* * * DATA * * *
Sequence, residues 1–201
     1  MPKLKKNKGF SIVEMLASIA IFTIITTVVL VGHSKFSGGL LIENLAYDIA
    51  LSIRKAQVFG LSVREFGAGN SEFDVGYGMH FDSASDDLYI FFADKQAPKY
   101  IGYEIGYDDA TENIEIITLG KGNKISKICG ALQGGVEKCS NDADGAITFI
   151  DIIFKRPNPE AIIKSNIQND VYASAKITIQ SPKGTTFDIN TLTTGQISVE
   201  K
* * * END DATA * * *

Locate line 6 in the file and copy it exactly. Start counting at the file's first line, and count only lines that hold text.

   201  K